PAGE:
With drug traffickers in West Africa increasingly adjusting their tactics to avoid counter-narcotics efforts, the United Nations and partner organizations today launched a comprehensive, integrated programme to combat drug trafficking and organized crime in the region.
The programme – the UN Office on Drugs and Crime Regional Programme for West Africa 2010-2014 – covers 16 countries and will respond to the needs of West African countries on the principle of shared responsibility, addressing the transcontinental nature of the challenge, in particular, the transatlantic route. It will focus on peace building, security sector reform, and national and regional institution- and capacity-building; as well as strengthening action in the areas of organized crime, trafficking and terrorism, justice and integrity, drug prevention and health, and awareness raising and research.
The UN Office on Drugs and Crime (UNODC) has often raised the alarm over narcotics trafficking in West Africa, noting that the problem has been compounded by widespread corruption and money-laundering.
In its 2009 report on transnational drug-smuggling, UNODC estimated that up to 100 tons of cocaine might have transited through West Africa that year. In some cases, the value of trafficking flows through the region surpasses the gross domestic products of the countries in West Africa, which are among the world's poorest countries.
The launch of the West Africa programme took place at a high-level meeting at UN Headquarters in New York, co-chaired by UNODC, the UN Office for West Africa and the Economic Community of West African States (ECOWAS), and in cooperation with the UN Department of Peacekeeping Operations, the UN Department of Political Affairs and the International Criminal Police Organization, better known as INTERPOL.
“The added value of UNODC facilitating the entire process will certainly lie in its particular mandate and experience, as well as in its role within the UN system as the main international forum to address crime and drug trafficking as a threat to international security at the global level,” the Executive Director of UNODC, Yury Fedotov, said at the launch. Established in 1997, UNODC is the UN agency charged with assisting countries in their struggle against illicit drugs, crime and terrorism.
Mr. Fedotov said that West Africa has become a hub for cocaine trafficking from Latin America to Europe, with its widespread poverty and geographic location halfway between the two continents making it particularly attractive to narcotics smugglers and other organized criminal networks.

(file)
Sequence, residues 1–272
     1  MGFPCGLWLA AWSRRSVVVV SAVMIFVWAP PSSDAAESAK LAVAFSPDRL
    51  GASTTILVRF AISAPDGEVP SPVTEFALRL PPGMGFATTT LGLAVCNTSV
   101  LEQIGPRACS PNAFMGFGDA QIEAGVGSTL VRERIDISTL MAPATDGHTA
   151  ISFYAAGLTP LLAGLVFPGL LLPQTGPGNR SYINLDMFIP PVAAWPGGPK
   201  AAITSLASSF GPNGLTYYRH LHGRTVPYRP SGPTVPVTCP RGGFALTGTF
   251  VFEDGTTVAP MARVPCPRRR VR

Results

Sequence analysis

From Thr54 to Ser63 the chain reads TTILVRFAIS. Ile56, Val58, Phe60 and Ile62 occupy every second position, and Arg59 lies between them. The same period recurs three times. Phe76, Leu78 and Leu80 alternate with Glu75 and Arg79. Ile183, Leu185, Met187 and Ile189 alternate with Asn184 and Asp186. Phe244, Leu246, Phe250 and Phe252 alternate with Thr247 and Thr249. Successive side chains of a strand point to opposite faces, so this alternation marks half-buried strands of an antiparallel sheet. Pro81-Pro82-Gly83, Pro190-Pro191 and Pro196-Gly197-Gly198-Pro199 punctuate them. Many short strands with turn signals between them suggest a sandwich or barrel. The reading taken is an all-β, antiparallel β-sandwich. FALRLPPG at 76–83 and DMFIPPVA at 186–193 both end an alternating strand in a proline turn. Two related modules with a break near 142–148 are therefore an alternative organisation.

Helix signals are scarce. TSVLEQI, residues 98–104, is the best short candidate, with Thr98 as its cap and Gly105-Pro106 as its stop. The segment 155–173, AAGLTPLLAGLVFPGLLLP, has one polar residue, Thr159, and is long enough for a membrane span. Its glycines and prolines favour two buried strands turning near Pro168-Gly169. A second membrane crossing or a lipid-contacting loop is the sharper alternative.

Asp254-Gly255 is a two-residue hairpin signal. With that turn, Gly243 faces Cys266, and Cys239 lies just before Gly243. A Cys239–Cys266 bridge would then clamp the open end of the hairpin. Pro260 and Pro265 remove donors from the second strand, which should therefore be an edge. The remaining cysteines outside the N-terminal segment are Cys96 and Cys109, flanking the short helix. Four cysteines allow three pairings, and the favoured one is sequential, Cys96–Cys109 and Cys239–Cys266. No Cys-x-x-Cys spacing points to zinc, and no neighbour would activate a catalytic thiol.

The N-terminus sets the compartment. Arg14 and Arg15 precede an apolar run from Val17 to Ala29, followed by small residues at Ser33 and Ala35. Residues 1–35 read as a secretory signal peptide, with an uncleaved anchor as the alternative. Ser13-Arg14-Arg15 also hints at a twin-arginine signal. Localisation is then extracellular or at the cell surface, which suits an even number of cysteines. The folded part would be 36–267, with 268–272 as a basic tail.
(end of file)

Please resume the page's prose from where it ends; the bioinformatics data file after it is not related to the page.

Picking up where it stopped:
He also noted that West Africa is a major transit route for counterfeit medicines, the smuggling of commodities and people for sexual exploitation, and risked becoming a major safe haven for terrorists if the narcotics trafficking problem remained unaddressed. Drug use has also been on the rise in the region, Mr. Fedotov added.
The Special Representative of the Secretary-General for West Africa, Said Djinnit, described the programme as a “strong and effective alliance” of countries and organizations against organized crime in a region that “has been under severe attack by drug trafficking networks.”
“The fight against drug trafficking and organized crime was an essential pillar for any conflict prevention and peace building strategy in West Africa,” said Mr. Djinnit said at the launch. “The UNODC Regional Programme will be key to streamlining support for the ECOWAS regional plan of action and efforts at combating this global threat to peace and security.”
The regional programme is a culmination of an ECOWAS ministerial conference in Cape Verde in 2008, which resulted in a political declaration and regional action plan to combat drug trafficking and organized crime in West Africa. That meeting, followed by a multi-agency West Africa Coast Initiative, gave the impetus to the creation of the regional programme launched today.